In contrast, the adoption journey starts for a majority of parents at the end of a journey marked with failed pregnancies, miscarriages or painful IVF cycles. The first time when an aspiring parent needs time off in adoption is when deciding to adopt. Once registered for adoption, parents need to visit the adoption agency a couple of times between receiving the referral of a child and the final court order. This period is often filled with nervousness, anxiety and even heartbreak if the process fails. They are not parenting at this time. Hence, it is unfair to expect them to take a casual leave or earned leave to attend to adoption matters. It is also not a usual court hearing either. A biological parent does not plead their case before they can take home their babies from hospital. They do not travel along with their infant child across cities, to make it happen. Parents need guidance. A part of adoption leave is required at this stage.

Then, parents need time to bond with the child. However, the entire leave may not be required at the time of adoption. Most families have reported extremely challenging times when adopted children are in their teens. Adopted children need help with their cognitive skills, root search, resolving their identities. All this is over and above the usual adolescence challenges. Parents need time with their children and counsellors to empower them at this stage.

Also Read | How high courts intervened in Covid management in India

Doling out two weeks of paternity leave in adoption is cruel. Fathers not only birth the child in their heart, like mothers, but also need to hold the front within their family. Several fathers quietly resent or face their own parents and relatives while engaging them in their decision to adopt. It is not easy. It is not supported. It is not expected.

Compared to pregnancy, curating resources in adoption is hard. It takes time and effort to locate adoption counsellors, books, legal aide and seek assistance if the process goes wary. Fathers share equal responsibility, and sometimes more, in gathering paperwork, internet search, adoption counselling, court proceedings and bonding with the child. If at all there is an argument that calls for a standalone adoption leave for any parent, it is this. Father need it as much as mothers.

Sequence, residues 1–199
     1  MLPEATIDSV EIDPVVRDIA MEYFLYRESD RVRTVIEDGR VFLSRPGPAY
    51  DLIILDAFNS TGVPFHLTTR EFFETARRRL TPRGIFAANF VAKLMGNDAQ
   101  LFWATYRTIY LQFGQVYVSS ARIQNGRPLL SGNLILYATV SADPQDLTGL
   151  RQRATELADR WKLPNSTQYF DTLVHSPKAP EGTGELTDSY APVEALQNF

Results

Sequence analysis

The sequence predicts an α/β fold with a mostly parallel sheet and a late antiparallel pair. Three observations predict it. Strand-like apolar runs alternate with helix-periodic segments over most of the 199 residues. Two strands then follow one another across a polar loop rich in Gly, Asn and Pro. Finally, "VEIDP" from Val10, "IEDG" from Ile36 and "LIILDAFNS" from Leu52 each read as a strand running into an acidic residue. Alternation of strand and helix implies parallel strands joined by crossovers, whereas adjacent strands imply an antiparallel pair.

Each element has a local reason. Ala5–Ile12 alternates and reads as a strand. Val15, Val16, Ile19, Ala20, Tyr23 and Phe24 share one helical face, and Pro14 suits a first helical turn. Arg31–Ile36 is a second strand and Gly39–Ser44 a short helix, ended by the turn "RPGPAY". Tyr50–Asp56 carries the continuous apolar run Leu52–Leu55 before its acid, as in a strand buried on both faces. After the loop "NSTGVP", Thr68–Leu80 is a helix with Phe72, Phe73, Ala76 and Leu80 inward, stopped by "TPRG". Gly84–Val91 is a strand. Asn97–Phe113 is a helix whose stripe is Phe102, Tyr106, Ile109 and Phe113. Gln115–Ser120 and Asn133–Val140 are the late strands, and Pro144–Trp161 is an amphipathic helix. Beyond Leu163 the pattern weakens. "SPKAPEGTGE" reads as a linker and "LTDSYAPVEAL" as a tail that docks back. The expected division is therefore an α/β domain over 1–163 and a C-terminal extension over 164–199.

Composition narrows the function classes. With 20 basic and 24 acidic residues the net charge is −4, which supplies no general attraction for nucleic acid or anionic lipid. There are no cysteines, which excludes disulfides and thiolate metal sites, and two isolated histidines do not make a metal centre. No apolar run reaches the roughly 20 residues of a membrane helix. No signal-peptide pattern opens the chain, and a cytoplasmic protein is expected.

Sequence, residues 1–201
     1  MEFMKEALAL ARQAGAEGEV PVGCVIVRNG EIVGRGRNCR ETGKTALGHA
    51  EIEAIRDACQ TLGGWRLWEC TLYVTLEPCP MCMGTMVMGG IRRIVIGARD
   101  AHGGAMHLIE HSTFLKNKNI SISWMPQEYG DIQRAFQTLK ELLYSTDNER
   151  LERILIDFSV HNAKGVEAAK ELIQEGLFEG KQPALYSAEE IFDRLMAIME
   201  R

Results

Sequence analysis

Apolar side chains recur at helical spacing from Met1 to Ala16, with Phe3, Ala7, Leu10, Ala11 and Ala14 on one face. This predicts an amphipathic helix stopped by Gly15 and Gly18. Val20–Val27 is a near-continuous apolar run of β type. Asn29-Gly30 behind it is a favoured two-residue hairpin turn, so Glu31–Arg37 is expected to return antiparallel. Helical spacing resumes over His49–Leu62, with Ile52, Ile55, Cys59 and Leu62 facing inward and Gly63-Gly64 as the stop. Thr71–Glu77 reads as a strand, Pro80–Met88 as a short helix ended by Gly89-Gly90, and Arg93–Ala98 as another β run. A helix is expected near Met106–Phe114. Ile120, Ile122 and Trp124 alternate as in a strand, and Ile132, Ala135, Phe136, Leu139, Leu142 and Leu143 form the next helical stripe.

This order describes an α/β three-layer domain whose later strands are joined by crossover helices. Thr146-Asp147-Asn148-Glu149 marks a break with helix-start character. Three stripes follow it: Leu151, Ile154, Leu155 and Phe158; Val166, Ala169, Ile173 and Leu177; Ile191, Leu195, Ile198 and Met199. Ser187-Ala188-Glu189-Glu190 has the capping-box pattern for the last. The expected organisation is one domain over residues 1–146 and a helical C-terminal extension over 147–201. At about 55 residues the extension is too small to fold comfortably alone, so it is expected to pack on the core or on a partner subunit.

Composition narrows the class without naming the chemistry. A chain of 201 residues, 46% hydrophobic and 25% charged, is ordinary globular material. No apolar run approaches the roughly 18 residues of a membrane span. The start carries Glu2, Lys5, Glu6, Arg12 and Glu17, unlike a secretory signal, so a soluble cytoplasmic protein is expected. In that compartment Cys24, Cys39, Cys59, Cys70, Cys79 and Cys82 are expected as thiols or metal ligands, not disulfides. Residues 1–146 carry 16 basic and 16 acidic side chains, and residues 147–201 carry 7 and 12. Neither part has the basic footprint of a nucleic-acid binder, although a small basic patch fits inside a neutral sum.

Adoption leave is therefore not maternity leave that is required to be extended to adoption. Instead, it is a leave required by any parent, single or married, male or female, adopting a child of any age, to (in many cases) resolve the trauma of infertility, understand adoption, seek counselling, follow safe legal process, bond with the child, engage the family members to ensure that none of the family members falls through the cracks.

Let’s stop patronising adoption leave. Rather, let us be gracious in offering an adoption leave of around a minimum six months of leave credit, irrespective of the age of the child, to be availed whenever the parent needs to attend to the beautiful experience called adoption.

Avinash Kumar is a parent in adoption, former CARA Steering Committee member, founder of Families of Joy Foundation

Payal S Kapoor is a parent in adoption, associate professor, FORE School of Management, New Delhi

The views expressed are personal

Please sign in to continue reading

  • Get access to exclusive articles, newsletters, alerts and recommendations
  • Read, share and save articles of enduring value
SHARE THIS ARTICLE ON
Topics
Close
SHARE
Story Saved
OPEN APP